[TAG] .SWF files (Flash)
Kapil Hari Paranjape
kapil at imsc.res.in
Sat Feb 11 04:07:17 MSK 2006
On Fri, 10 Feb 2006, Mike Orr wrote:
> One comment and then I'll shut up. How is accepting Flash documents
> different from accepting Word documents?
I did some more googling^H^H^H^H^H^H^H^Hresearch and found out a bit.
Sorry for the rather long mail. I hope it serves to inform rather
than wake up the trolls.
1. The official Flash specification is in fact only available under a
strange licensing agreement which specifically *forbids* the licensee
from developing a Flash Player. Its sole purpose is to help people
develop Flash Writers.
+1 to AFA (= Anti-Flash-Advocacy)
2. There are currently at least 5 projects under way to develop a
Flash Player without reading the specification. Actually, one of
them (gplflash) has merged into gnash. http://www.gnu.org/software/gnash/
and http://www.schleef.org/swfdec/ seem to be the most promising.
As said earlier the latter already "seems to work".
-1 to AFA
3. The projects seem to be based on the time-honoured technique used
by Samba, Abiword et al---"Reverse Engineering" in its
completely legal sense.
+1 to AFA if you believe Samba and OpenOffice are doomed to play
catch-up all the time.
4. There are a number of SWF content generators that are FLOSS. After
all the writers of such generators are encouraged to read the official
Flash specification as published. See www.osflash.org for details.
-1 to AFA
Frankly, I am confused by MacroMedia's bizarre license but it isn't
the first time someone has given a new and strange twist to software
Mike also wrote comparing this to Word/SMB/CSS DVDs/PDF and postscript.
"You are in a maze of twisty passages all different"
As far as I can see all these caes are different. I personally never
thought of Postscript and PDF as being proprietary formats since I
never used proprietary PS/PDF generators and none of my
correspondents ever did so.
A rather long postscript(*) follows on what I understand to be the
"restrictive usage" issues dealing with these formats.
Executive summary: I think Ben is right in calling Flash a lesser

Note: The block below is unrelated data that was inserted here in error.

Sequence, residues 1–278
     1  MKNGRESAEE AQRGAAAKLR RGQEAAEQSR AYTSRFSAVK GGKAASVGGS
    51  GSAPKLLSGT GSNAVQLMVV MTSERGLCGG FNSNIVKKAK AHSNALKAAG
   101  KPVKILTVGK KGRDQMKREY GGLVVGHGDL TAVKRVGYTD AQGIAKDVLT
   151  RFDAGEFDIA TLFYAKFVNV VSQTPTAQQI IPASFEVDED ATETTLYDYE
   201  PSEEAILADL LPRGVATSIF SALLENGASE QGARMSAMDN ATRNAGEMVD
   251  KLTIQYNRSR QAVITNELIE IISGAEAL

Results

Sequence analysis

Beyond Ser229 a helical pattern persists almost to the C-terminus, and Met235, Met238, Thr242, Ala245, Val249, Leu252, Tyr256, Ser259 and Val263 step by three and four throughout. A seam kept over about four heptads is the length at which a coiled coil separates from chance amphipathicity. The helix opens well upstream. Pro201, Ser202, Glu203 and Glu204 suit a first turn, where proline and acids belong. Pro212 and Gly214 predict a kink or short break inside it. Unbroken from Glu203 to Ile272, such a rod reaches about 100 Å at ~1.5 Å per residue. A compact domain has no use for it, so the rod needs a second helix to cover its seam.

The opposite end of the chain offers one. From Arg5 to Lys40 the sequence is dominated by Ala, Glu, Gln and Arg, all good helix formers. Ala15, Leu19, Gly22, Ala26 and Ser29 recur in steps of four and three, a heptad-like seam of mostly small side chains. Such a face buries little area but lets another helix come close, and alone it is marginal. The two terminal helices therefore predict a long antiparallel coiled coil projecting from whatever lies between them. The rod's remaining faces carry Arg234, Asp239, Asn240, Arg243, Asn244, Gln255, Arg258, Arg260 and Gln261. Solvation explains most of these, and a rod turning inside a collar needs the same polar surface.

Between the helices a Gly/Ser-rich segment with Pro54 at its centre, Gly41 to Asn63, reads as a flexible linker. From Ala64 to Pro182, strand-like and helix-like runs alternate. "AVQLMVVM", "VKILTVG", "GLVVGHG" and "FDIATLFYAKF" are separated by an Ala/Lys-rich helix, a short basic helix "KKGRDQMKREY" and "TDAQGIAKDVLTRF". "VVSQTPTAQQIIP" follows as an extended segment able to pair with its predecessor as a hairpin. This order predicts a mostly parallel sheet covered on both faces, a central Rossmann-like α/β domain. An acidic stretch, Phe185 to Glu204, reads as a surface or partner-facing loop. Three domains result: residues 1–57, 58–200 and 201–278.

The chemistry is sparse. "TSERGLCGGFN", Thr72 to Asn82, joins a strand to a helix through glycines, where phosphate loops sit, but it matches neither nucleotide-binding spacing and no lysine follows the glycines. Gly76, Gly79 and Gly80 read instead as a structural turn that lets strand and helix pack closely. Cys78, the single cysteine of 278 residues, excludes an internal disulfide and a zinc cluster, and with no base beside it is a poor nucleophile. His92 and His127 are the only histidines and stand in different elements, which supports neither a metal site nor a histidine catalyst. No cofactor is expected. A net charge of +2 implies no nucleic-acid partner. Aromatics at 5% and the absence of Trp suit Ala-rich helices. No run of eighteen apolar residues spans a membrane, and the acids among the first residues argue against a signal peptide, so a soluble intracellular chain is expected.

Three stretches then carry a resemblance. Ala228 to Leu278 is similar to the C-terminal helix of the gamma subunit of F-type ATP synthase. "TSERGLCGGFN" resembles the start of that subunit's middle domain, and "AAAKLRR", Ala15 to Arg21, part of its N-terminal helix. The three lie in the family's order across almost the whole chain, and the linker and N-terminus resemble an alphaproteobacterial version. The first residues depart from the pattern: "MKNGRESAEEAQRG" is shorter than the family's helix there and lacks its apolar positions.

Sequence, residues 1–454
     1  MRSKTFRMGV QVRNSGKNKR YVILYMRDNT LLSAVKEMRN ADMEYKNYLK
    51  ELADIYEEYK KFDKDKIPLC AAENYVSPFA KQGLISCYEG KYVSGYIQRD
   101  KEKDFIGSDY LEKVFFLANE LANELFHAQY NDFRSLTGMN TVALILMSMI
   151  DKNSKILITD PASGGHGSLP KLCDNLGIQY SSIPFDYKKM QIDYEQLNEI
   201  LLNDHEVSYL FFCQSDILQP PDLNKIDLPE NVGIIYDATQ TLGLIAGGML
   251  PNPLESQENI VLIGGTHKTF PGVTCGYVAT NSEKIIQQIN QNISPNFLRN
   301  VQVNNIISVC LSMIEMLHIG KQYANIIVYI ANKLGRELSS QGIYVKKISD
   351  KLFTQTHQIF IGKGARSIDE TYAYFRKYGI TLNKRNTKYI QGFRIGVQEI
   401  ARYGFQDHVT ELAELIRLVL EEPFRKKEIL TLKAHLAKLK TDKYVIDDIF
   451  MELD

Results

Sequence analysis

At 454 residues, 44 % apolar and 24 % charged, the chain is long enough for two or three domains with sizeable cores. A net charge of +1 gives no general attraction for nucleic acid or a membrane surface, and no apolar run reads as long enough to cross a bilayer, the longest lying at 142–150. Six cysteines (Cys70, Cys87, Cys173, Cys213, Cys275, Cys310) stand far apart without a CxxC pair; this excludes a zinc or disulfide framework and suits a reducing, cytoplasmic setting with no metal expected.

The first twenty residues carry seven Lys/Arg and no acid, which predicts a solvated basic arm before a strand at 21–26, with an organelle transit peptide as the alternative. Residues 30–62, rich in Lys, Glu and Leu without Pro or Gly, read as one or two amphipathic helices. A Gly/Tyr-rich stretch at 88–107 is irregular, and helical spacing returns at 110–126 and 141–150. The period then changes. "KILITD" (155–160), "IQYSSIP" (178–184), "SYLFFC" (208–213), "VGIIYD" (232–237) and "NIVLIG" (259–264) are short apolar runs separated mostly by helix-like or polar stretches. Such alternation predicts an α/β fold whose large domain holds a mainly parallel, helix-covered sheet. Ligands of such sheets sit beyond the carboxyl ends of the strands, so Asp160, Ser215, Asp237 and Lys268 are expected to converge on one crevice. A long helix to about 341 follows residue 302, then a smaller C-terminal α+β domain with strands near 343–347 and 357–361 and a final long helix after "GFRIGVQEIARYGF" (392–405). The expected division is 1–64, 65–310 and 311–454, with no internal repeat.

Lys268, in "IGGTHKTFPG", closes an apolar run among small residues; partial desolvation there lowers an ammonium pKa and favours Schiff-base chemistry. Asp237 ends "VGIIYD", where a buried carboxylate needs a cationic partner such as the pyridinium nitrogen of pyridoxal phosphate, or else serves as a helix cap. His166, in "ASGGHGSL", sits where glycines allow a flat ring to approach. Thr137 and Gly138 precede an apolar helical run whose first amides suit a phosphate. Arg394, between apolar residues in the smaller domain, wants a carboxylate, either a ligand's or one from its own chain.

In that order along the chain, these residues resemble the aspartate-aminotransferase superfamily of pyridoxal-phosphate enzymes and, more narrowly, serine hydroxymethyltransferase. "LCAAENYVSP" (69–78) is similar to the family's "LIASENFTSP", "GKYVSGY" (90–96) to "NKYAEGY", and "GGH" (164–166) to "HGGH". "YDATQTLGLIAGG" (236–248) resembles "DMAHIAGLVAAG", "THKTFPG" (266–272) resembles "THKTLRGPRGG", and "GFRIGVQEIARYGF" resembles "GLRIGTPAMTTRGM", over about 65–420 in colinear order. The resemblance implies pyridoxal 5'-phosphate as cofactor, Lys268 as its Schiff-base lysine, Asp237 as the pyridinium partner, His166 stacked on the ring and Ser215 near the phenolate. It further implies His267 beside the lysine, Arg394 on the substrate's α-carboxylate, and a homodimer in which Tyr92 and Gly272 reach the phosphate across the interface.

evil than either Word or RealPlayer but then that is a matter of
opinion and a lesser evil is nonetheless an evil.
(*) Couldn't resist the pun :)
In order of Evilitude or is it Evility (which is the opposite of
I recall that one could buy the RGB books of postscript that described
the language in great detail; and there was no clause in those
books that said "thou shalt not write something called ghostscript
that implements this language". What *did* happen is that there
was a section of postscript that allowed each printer to have its
own proprietary PS dictionary. A "driver" for that printer then used
operators from that dictionary to enhance printing and the resulting
postscript files did not work well with ghostscript of course.
Postscript files that were generated using tools like "dvips" which
were based on the RGB books alone, worked fine with ghostscript *and*
with most PS printers. As people started exchanging PS files over the
net these proprietary extensions became a hindrance and were mostly
Maybe I'm wrong but PDF was Adobe's "network"-if-ied version of
Postscript. They tried to build in the proprietary extensions in a
way that they would be network transparent but again were largely
unsuccessful. There is of course, the "default 16 fonts" issue (that
was in some sense an issue with PS as well) but as long as you had
reasonable substitutes for those fonts everything worked just fine.
Again documents that were generated using tools like "pdflatex" that
included all the fonts/glyphs used worked fine with all readers.
What "xpdf" cannot currently do are the fancy "transitions" like
"Dissolve"---I don't know why this is so, but it has not bothered
me since I don't care for it. To me encrypted PDF is like encrypted
DVD's---if someone doesn't want me to enjoy their creativity---I
Andrew Tridgell and folks (a big salute to them) patiently gathered
network traffic in order to decode the way in which SMB was spoken
and wrote clients/servers in some ways better than the original. Of
course, the MicroSoft will continue to improve/modify(:)) their
protocol but existing deployment prevents them from introducing
incompatibilities that would break Samba as it would probably break
Windows 95/98 as well. Note that Samba has (always had?) some security
features over and above that offered by the proprietary version so
in principle a number of people *did* switch over to Samba servers
instead of proprietary servers. When enough people do that the
proprietary protocol is under pressure to be more compatible with the
"discovered" specification and avoid proprietary "enhancements".
Some major effort of catch-up was required here but it does seem as
if the current version of OpenOffice can deal with many MicroSoft
generated documents. Again OO has added features to its software
(like incorporation of LaTeX) which are not automatically available
with the default MS offering. This and its slightly better security
status could lead to enough people using it to pressurise MS to keep
to "discovered" specs.
They disclose so little I don't think there is anything to say here.
To use a phrase from Joerg Schilling out of context "RealPlayer is
the most self-incompatible piece of software that I know".
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